Does my insurance have to pay for repairs when I live in michigan and we are no-fault state?

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Jeffrey Johnson is a legal writer with a focus on personal injury. He has worked on personal injury and sovereign immunity litigation in addition to experience in family, estate, and criminal law. He earned a J.D. from the University of Baltimore and has worked in legal offices and non-profits in Maryland, Texas, and North Carolina. He has also earned an MFA in screenwriting from Chapman Univer...

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UPDATED: May 28, 2010

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Insurance Question from Owosso, MI

Asked on 05/28/2010

Does my insurance have to pay for repairs when I live in michigan and we are no-fault state? I rear ended someone in stop and go traffic on a freeway while on vacation. Not sure if I was in Washington DC or Maryland at the time. No damage at all to my vehicle, their rental van had the back panel indented from my bumper. No injuries as we were all going slow. Officer did not want to write a police report just have us switch info which we had done, but the other driver wanted a police report so therefore I was ticketed for failure to stop.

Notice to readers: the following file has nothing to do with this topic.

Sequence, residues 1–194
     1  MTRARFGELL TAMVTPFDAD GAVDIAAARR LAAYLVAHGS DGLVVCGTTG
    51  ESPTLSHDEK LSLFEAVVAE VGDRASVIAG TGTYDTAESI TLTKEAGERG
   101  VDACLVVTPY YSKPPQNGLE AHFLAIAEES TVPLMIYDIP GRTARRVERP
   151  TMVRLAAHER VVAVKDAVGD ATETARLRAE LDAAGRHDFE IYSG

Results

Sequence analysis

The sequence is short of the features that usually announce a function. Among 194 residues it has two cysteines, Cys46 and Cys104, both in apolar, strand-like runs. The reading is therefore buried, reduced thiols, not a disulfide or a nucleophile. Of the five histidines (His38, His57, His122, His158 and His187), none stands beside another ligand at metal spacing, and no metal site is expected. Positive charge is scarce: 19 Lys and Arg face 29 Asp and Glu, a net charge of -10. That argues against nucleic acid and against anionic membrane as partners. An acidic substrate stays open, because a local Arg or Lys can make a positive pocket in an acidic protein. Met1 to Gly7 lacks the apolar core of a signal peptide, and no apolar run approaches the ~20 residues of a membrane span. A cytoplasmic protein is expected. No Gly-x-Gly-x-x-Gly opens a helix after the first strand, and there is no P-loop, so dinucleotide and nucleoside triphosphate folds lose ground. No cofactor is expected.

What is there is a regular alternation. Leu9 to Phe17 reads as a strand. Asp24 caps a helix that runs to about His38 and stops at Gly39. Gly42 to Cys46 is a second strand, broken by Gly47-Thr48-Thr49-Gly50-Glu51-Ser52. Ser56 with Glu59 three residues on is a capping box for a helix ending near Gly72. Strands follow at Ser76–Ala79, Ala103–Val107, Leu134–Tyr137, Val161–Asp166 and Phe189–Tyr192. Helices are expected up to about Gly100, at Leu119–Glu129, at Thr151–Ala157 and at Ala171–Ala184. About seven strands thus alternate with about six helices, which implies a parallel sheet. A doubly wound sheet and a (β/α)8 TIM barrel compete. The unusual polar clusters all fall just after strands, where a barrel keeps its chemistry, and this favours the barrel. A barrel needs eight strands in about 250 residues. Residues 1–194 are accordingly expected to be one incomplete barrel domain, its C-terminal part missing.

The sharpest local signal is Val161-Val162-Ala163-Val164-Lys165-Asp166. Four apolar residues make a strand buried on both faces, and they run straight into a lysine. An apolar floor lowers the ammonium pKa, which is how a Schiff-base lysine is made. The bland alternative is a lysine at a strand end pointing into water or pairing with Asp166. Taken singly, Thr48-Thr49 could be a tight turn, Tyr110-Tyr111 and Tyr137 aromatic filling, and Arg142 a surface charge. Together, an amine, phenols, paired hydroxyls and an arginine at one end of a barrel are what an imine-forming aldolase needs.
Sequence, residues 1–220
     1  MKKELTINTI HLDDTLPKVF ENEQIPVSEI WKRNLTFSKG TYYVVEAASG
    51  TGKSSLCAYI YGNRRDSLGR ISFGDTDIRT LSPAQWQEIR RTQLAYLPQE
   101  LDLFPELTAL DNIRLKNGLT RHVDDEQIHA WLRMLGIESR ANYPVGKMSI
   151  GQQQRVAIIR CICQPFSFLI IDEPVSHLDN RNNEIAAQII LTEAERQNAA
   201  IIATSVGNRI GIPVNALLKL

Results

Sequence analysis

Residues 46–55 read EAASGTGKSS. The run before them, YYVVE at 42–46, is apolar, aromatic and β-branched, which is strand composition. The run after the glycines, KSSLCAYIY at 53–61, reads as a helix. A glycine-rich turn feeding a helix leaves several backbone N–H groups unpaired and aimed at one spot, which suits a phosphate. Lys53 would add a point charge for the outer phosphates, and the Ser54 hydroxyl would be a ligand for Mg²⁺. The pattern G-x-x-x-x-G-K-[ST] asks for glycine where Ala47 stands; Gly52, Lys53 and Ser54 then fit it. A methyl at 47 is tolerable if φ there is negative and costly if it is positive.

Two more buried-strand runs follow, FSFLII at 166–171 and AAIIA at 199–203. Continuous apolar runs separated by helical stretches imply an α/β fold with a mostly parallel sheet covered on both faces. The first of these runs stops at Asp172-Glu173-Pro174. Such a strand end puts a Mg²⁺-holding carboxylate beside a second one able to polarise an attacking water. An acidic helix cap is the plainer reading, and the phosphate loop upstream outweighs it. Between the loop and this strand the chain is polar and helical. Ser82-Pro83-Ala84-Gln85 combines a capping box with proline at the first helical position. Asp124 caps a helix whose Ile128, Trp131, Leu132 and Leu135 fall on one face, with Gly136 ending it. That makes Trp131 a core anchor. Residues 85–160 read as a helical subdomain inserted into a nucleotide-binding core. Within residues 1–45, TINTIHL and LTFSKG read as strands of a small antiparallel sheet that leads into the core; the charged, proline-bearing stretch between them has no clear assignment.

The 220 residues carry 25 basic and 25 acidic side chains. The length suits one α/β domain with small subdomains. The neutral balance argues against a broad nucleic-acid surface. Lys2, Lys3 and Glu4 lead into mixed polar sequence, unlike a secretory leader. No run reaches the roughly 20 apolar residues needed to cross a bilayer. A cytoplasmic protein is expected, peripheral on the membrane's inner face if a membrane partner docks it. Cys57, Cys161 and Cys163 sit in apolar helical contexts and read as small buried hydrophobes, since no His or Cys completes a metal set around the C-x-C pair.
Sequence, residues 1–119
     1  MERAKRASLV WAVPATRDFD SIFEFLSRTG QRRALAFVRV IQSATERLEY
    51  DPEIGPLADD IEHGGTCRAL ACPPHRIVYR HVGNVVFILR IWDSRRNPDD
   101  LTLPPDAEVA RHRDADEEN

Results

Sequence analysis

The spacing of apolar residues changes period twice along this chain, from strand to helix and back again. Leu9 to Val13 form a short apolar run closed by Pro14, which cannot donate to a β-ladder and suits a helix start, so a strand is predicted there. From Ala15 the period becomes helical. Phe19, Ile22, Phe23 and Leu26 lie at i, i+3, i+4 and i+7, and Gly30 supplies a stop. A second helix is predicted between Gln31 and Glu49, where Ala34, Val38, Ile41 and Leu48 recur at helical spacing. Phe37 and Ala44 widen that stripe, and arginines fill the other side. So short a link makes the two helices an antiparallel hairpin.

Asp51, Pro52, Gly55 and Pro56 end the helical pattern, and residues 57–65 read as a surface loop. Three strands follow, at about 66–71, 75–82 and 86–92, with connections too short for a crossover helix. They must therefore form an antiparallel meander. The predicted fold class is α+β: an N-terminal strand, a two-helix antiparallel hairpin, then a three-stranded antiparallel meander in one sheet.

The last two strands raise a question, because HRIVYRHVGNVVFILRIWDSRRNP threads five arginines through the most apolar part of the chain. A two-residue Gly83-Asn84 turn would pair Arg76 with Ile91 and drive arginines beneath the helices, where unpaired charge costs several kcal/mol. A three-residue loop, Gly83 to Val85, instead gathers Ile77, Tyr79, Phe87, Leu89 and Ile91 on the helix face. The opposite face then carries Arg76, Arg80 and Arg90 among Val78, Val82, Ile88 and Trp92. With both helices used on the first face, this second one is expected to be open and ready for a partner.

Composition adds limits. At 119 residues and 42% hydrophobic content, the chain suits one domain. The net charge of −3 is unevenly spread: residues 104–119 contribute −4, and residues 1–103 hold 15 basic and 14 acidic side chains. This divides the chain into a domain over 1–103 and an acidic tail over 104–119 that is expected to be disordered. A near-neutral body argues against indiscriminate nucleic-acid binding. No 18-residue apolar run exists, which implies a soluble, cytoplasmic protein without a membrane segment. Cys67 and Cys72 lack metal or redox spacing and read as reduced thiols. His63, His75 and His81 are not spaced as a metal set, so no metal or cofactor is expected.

Answer given on June 01, 2010

You were not in Michigan when the accident occurred, so the laws of Michigan will not apply to this accident.  In EVERY other state, property damage claims do not fall under no-fault.  Michigan is the only state that applies no fault to both injuries and property damage.  So yes, your insurance company will pay for 100% of the damage you caused to the other person’s vehicle, up to the limits on the policy.  You will need to review your policy to see exactly how out-of-state claims are handled and what your liability limits are.  But auto accidents are governed according to the laws of the state where the accident occurred, regardless of where the parties actually live.

 

Obviously, you will also need to pay the ticket, but the ticket is not what makes you at fault.  You were at fault the moment you rear-ended the other driver, and you would have been responsible for the damages regardless of whether a police report was written.


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